Teach Your Children to be Safe Pedestrians Before Summer Rolls Around

With summer right around the corner, it’s important to consider pedestrian safety for your kids and teach them to be street savvy. Personal injury lawyers in Ontario see an increase in motor vehicle accidents involving children each summer. As neighborhoods are dealing with more motor vehicle crashes than ever before, many of them due to driver distraction, it’s important to teach your children to be proactive when navigating local streets.

Road Safety Diligence

Keeping kids safe is easy at home or school when they are under watchful eyes. But come summer, kids want to be outside playing. This can be a vulnerable time for parents and children alike. The ICBC has set out some ways you can be more diligent about road safety for your kids this summer.

Practice and Good Role Modeling

Teaching your kids to be safe pedestrians is a matter of practice and right modeling. For younger children, take the time to map out their routes and walk them out together. Make it fun and interactive while teaching your children about signs and landmarks, using crosswalks and when crossing the street is appropriate. Model good pedestrian behavior when you are with them. Remember, it’s not so much what you say but what you do that counts.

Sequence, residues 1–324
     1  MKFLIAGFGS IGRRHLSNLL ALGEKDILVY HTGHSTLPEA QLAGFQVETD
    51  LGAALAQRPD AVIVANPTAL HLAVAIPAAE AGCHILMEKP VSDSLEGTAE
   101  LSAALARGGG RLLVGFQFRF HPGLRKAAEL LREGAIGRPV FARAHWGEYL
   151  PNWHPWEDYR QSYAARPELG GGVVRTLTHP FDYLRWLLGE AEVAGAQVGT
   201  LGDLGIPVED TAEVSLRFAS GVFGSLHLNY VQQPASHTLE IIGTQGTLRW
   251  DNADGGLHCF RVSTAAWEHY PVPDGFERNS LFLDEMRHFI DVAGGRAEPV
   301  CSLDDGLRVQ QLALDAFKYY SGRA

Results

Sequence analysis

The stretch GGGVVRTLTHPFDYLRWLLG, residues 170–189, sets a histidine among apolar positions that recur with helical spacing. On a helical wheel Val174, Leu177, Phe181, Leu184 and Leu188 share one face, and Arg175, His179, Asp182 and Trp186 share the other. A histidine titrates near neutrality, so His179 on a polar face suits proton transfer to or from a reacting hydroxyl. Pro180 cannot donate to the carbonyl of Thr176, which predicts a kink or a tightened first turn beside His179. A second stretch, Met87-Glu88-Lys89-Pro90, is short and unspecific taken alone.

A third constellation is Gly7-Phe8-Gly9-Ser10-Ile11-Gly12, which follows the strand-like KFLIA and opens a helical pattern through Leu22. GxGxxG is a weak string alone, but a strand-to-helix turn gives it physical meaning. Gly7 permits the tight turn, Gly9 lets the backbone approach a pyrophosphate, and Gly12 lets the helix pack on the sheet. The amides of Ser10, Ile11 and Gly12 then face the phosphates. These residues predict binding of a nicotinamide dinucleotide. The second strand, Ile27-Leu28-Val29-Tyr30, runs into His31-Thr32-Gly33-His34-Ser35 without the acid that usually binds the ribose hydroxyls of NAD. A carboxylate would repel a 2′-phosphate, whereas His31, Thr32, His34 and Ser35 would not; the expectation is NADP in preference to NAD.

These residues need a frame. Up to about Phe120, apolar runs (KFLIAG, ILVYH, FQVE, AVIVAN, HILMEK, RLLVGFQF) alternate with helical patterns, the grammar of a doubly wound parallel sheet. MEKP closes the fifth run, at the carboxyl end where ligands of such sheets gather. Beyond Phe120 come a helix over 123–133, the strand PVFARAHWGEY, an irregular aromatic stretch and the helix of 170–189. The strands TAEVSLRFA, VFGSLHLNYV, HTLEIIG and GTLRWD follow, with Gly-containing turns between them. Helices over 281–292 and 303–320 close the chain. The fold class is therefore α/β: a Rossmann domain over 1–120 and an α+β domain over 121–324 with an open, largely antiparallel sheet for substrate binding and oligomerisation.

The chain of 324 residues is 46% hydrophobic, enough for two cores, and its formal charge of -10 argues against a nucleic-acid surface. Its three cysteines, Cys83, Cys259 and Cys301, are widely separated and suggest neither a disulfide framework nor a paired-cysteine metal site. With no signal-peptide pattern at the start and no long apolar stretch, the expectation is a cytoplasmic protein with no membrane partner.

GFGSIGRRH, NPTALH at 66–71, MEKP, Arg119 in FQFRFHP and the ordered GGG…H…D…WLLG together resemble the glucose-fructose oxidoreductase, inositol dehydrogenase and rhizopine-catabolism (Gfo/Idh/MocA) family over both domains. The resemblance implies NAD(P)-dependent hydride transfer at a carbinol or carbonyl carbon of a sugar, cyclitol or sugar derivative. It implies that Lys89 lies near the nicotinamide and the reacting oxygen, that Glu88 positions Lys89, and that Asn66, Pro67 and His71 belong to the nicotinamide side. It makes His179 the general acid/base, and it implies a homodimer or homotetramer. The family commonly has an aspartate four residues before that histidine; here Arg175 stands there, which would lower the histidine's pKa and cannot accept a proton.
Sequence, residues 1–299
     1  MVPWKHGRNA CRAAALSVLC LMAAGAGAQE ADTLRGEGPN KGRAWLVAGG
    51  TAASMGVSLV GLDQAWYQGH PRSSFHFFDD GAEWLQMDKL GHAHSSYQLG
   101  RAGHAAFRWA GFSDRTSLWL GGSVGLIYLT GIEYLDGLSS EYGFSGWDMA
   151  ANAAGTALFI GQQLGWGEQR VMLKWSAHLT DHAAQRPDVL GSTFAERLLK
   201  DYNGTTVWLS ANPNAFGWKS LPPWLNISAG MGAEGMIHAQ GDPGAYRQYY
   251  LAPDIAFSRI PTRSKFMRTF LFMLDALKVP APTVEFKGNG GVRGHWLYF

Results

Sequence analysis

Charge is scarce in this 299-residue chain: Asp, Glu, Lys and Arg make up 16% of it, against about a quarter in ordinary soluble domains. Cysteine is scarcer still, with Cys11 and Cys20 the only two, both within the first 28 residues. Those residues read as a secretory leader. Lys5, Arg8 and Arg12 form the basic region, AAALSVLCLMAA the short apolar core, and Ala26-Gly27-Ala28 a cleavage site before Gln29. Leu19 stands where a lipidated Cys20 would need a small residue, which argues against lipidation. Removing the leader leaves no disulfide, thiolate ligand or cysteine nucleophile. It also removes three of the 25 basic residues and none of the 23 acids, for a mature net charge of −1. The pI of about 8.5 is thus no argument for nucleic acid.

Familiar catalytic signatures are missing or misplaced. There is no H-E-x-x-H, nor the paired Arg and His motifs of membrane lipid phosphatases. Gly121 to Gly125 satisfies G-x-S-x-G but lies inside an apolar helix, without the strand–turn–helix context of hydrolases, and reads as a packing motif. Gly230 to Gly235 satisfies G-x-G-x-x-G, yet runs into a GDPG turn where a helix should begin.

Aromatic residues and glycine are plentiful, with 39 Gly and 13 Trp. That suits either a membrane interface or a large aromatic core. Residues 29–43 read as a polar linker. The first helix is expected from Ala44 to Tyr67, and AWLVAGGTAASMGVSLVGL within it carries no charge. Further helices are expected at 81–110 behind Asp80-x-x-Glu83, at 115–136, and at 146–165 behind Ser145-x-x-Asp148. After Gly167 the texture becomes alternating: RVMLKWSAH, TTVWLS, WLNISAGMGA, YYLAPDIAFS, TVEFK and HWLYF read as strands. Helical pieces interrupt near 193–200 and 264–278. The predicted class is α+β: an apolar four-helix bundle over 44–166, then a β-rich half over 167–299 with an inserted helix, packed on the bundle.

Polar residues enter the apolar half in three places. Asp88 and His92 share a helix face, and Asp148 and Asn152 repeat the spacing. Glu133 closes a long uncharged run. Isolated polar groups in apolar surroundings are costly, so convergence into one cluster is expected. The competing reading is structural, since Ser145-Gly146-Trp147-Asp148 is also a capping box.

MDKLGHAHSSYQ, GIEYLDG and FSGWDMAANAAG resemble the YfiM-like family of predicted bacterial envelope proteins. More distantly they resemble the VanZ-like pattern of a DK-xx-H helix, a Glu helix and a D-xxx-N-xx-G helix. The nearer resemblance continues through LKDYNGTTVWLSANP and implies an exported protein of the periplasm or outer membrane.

The Basics

Remember the basics when you are teaching kids how to cross the street and use pedestrian walkways. Many accidents with children happen when they inadvertently dart into the street. Children are simply not mature enough to understand that they may be in harm’s way. It is important to make sure you keep safety in the forefront of their minds with a stop, look, and listen approach. Teach them about wearing bright or reflective clothing in order to be more readily seen by a driver and to always cross in a crosswalk at an intersection. And even while walking on a sidewalk, teach them that they are safer walking on the side away from the street.

Review the Rules Often

Review these rules with them each time they go out to play. And set limits on how far they can walk alone. A standard rule of thumb is that any child under the age of 10 should never be without adult supervision. Set out specific play areas that you consider safe and ones that are absolutely off limits to them.

When it comes to older kids and teens, you still need to be enacting parental parameters. Teach them proper cycling rules and make sure their bikes have reflective qualities and are outfitted with a bell and lights. Wearing a bike helmet is the law in Ontario. Teach children about how to be visible on their bikes and how to use hand signals and shoulder checks. It is illegal to ride on most sidewalks and crosswalks, so teach them to use bike lanes as often as possible in order to be safe and reduce any conflict with motor vehicles.

If you or your child has been involved in a pedestrian accident, make sure you contact an expert injury lawyer in Ontario. Know your rights.